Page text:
If you intend to make archtops, be prepared to invest in many unusual tools or to make them yourself. Also look on the Web and you will find several people who have recorded their attempts to follow the methods in this book.
If you are interested in archtop guitar making do also read, Acquired of the Angels, the biography of John D'Angelico and James D'Aquisto (author Paul William Schmidt). It contains very little on making guitars but is an interesting historical account.
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5.0 out of 5 stars In producing this book Bob Benedetto has shared a lifetime o, Nov. 3 2002
By 
This review is from: Making an Archtop Guitar (Paperback)
In producing this book Bob Benedetto has shared a lifetime of experience and produced a legacy for future archtop guitar builders. A reasonably competent woodworker can learn how to make an archtop with the assistance of this book. Yes, as one reviewer comments, it does have many high quality photographs of Benedetto's guitars and I don't find this a nuisance as they are very inspiring. Of course, you cannot learn tap/tuning from a book but there is a series of videos if you require more guidance on this subject.
There are some minor 'gaps' in explanation but that is exceptable (I am still trying to figure out how to make a fretboard tapering jig). The book is worth reading even if you do not intend to make an archtop, it is simply a joy to see how a craftsman produces these wonderful guitars. My impression
is that no secrets are kept back and that Bob Benedetto has left us a great 'craft' inheritance.
If you intend to make archtops, be prepared to invest in many unusual tools or to make them yourself. Also look on the Web and you will find several people who have recorded their attempts to follow the methods in this book.
If you are interested in archtop guitar making do also read, Acquired of the Angels, the biography of John D'Angelico and James D'Aquisto (author Paul William Schmidt). It contains very little on making guitars but is an interesting historical account.
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5.0 out of 5 stars Use this book as the first step, Nov. 30 2001
By A Customer
This review is from: Making an Archtop Guitar (Paperback)
While I would recommend this book, even to a motivated novice, I would caution those who are hoping that everything will be completely spelled out, and you'll be warned of all the things that could go wrong. This isn't an "Idiot's Guide to Building an Archtop." Benedetto is a bit vague in some rather crucial areas. That said, it is the best book on the subject. Admittedly, if he were to try to anticipate every wrong turn a reader might make, the book would not read as well. Part of me appreciates his lack of condescension. The other part of me, though, felt unprepared to move forward in a few spots.
I make my living as a woodworker, so I didn't really have any problems with the carving, joinery or finishing parts, but I imagine that a novice woodworker might run into some trouble. Since this was my first guitar, the more lutherie oriented parts gave me a bit more pause. I don't think I would have gotten the quality of result that I did without the outside sources to which I referred. The sections on fretwork and set up are, for example, barely adequate. The basic information is there, but there is a dearth of any hints, and I discovered that fretwork and set up are areas in which one needs hints.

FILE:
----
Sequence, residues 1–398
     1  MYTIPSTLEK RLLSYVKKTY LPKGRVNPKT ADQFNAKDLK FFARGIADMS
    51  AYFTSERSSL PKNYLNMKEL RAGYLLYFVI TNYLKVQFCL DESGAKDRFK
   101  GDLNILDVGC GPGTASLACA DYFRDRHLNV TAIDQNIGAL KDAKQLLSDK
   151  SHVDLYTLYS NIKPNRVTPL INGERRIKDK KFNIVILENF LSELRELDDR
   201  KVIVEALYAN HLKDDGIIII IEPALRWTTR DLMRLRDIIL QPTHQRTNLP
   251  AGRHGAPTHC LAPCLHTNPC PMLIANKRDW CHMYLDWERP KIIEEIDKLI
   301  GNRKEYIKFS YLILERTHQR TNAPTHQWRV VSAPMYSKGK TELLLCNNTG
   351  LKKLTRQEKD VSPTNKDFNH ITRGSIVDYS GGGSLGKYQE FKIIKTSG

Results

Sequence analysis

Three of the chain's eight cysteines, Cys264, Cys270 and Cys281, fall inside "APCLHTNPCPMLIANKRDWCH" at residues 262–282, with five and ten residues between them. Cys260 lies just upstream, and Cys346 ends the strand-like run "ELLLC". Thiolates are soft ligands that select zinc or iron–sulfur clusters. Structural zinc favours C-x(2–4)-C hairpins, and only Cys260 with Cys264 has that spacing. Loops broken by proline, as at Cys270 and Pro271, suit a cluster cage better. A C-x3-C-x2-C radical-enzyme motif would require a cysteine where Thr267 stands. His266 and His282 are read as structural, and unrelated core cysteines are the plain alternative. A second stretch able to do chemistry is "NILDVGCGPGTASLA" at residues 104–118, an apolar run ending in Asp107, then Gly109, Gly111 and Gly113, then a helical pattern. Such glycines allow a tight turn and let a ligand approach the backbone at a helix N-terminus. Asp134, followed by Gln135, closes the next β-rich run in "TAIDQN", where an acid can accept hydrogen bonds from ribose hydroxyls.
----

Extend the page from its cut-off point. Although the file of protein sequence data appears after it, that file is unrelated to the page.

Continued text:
Again, I recommend the book, but with the caveat that you'll want to read more elsewhere.
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4.0 out of 5 stars a nice overview with good pictures, July 15 2004
By A Customer
This review is from: Making an Archtop Guitar (Paperback)
Warning, this book may cause you to run out and buy a Benedetto as it did me.
This is a very nice overview of archtop guitar making, addressing almost every facet of the art, even including "marketing yourself and product". Some very enjoyable points are made by Bob drawn from his wealth of experience, but if you had hoped to build your own guitar as a result of reading this book, you would be in trouble. I would have loved to see more detail and instruction in the various elements of construction; not so that I might make my own archtop, but to gain a greater appreciation for the true experience of the undertaking.
I may purchase Bob's set of videos just to see more about how it is done.
By the way, I can now say that Mr Benedetto is an amazing artist and craftsman, and his instruments are every bit as good as reputed.
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5.0 out of 5 stars This is a critical book for an archtop buyer, too!, July 22 1999
This review is from: Making an Archtop Guitar (Paperback)
As an archtop owner and player for nearly thirty years, I would call this book a must read for anyone who is interested in purchasing a vintage archtop or buying a new one. Benedetto leads the reader into a deep appreciation of the painstaking detail that goes into The Making of an Archtop. He describes the level of attention that should be evident on each component of the guitar, and how it effects the player (and the price) in the end. The significance of learning the process of material selection, construction sequencing and design considerations might well lead the reader towards a custom made instrument. This book is a credit to all the independent luthiers out there whose trade is no longer a secret.
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Making an Archtop Guitar
Making an Archtop Guitar by Robert Benedetto (Paperback - Jan. 1 1996)